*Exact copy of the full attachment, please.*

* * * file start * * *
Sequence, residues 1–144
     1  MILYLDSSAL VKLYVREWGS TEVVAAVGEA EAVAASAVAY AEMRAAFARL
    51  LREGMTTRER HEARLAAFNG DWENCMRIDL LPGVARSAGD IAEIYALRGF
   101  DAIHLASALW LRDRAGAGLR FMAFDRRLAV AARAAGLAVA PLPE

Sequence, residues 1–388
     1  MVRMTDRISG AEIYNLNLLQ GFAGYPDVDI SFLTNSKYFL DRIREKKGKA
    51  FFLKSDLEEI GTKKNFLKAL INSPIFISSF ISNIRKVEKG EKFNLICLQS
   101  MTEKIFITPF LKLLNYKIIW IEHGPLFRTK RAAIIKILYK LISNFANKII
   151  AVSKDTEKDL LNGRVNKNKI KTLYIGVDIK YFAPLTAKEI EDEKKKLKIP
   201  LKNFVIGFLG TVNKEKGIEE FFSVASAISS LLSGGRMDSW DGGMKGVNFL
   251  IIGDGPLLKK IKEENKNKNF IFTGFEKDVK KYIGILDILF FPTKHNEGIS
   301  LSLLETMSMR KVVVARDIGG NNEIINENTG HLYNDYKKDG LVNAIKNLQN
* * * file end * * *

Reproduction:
Sequence, residues 1–144
     1  MILYLDSSAL VKLYVREWGS TEVVAAVGEA EAVAASAVAY AEMRAAFARL
    51  LREGMTTRER HEARLAAFNG DWENCMRIDL LPGVARSAGD IAEIYALRGF
   101  DAIHLASALW LRDRAGAGLR FMAFDRRLAV AARAAGLAVA PLPE

Sequence, residues 1–388
     1  MVRMTDRISG AEIYNLNLLQ GFAGYPDVDI SFLTNSKYFL DRIREKKGKA
    51  FFLKSDLEEI GTKKNFLKAL INSPIFISSF ISNIRKVEKG EKFNLICLQS
   101  MTEKIFITPF LKLLNYKIIW IEHGPLFRTK RAAIIKILYK LISNFANKII
   151  AVSKDTEKDL LNGRVNKNKI KTLYIGVDIK YFAPLTAKEI EDEKKKLKIP
   201  LKNFVIGFLG TVNKEKGIEE FFSVASAISS LLSGGRMDSW DGGMKGVNFL
   251  IIGDGPLLKK IKEENKNKNF IFTGFEKDVK KYIGILDILF FPTKHNEGIS
   301  LSLLETMSMR KVVVARDIGG NNEIINENTG HLYNDYKKDG LVNAIKNLQN